We can’t just use getting a team to the Super Bowl as the criteria, though, can we? That would mean Colin Kaepernick was a franchise QB and so was Matt Ryan and Matt Hasselbeck - and Rex Grossman (?!?!). Ok so maybe we shift to WINNING a super bowl, but then you get into the argument of guys like Dilfer and Johnson. No one argues that Trent Dilfer was a franchise QB. From more recent history, is Jalen Hurts a franchise QB? He led the Eagles to the Super Bowl almost exactly a year ago.

And what about Eli Manning? He led his team to TWO Super Bowl wins. Was he a franchise QB? He was never the best QB in the league in any season when he played, but he had some great games in the playoffs and in the Super Bowl. He tends to confound this conversation much like Brock Purdy might should the 49ers win.

So let’s get back to the original question - what is a franchise QB and how many of them are there in the NFL right now?

Let’s say, for the sake or argument, that there are eight franchise QBs currently playing in the NFL, which means that 75% of the NFL DOES NOT HAVE ONE. Every team wants one. So how often are they found in the draft. Since they rarely move from one team to another WHILE they are still franchise QBs (see Wilson, Russell and Rodgers, Aaron).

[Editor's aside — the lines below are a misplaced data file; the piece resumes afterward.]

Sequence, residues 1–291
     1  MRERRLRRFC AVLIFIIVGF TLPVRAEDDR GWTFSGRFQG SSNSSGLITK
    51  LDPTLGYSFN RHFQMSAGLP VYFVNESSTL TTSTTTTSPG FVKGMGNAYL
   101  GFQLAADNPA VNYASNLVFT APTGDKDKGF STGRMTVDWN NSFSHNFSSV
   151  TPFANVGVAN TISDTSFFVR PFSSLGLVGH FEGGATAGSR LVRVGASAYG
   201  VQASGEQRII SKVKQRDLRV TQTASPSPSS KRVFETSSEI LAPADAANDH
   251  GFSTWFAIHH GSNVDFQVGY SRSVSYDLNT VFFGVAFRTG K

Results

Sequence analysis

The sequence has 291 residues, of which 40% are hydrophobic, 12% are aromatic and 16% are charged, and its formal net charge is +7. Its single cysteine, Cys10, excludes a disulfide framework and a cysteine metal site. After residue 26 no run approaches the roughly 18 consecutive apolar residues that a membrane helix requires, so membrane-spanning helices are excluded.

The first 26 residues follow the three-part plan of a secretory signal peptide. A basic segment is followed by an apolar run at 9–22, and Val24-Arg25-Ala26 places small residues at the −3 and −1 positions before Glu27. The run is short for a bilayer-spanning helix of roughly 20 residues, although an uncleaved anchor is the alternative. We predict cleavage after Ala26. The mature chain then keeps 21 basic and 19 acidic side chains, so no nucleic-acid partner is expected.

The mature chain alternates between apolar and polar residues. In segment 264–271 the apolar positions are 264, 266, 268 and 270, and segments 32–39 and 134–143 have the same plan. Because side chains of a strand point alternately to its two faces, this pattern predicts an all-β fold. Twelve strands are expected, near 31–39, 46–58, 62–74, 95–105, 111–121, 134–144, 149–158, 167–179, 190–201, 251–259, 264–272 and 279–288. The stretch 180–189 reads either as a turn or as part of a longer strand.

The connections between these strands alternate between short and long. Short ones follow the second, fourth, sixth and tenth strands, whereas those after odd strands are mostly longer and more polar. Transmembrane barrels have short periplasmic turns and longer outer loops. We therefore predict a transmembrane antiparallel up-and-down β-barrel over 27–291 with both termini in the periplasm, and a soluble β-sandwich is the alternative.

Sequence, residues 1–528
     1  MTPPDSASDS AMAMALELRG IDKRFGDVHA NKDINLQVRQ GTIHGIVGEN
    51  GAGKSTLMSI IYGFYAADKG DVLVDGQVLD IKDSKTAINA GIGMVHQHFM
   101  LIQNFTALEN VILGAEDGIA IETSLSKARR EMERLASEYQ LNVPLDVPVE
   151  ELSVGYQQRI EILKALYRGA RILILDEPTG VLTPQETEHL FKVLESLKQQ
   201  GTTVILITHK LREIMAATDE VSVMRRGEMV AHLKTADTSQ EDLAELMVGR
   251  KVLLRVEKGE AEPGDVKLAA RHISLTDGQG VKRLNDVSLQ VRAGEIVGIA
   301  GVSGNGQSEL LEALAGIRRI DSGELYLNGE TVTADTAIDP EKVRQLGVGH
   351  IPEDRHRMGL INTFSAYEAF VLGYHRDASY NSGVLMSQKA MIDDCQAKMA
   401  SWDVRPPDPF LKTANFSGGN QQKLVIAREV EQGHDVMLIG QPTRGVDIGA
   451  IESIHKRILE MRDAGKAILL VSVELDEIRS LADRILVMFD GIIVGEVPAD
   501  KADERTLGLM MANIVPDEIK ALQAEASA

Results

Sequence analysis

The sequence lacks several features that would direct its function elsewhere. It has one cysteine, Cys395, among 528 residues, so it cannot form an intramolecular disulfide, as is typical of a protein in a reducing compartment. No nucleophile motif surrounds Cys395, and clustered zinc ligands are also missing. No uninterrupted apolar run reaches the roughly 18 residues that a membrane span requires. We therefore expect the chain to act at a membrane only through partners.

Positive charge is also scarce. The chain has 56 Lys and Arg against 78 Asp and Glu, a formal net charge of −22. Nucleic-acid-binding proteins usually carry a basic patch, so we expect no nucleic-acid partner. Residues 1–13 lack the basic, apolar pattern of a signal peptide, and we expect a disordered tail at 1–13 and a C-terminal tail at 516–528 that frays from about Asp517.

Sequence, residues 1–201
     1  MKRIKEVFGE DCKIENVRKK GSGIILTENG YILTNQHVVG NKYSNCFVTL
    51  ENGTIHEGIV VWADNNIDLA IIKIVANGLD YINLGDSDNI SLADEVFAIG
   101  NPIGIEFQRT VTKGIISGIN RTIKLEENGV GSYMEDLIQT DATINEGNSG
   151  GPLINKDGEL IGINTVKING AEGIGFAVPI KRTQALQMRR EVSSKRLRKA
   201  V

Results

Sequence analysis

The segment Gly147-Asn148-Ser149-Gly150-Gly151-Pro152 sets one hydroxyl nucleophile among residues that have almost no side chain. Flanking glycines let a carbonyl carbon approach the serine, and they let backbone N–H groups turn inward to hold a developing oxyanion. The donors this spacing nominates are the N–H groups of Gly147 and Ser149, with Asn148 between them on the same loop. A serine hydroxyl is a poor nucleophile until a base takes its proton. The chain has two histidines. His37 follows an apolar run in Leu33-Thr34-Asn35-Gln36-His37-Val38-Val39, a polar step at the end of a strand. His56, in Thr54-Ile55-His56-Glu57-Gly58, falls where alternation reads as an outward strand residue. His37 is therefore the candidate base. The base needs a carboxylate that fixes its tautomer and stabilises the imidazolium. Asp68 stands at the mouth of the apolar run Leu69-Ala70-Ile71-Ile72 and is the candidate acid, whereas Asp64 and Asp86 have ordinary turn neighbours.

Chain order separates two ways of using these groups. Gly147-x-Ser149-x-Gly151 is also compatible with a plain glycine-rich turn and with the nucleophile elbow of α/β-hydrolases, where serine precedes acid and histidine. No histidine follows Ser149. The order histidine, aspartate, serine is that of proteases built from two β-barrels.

Let’s look at the the draft slot for the eight current franchise QBs.

  • Patrick Mahomes - 10th
  • Josh Allen - 7th
  • Matt Stafford - 1st
  • Jared Goff - 1st
  • Lamar Jackson - 32nd
  • Joe Burrow - 1st
  • Jalen Hurts - 53rd
  • Dak Prescott - 135th

So if you agree that Hurts and Prescott are franchise QBs, you can find a franchise QB outside of the top 10 in the draft, but it’s quite rare. In fact if you look at games started at QB by draft slot, the first overall just blows away every other spot in the draft. During the history of the NFL, players taken with the first overall pick have started 3,938 games at QB. The total for players drafted at every other spot is 18,830 games. QBs drafted with the second overall pick have only started 973 games in NFL history or one quarter as many as guys taken with the first overall pick. This is despite 35 QBs taken first overall and 17 being taken second overall. In fact if we look at the how many QBs have been drafted in each spot in the first two round (1-64) we get this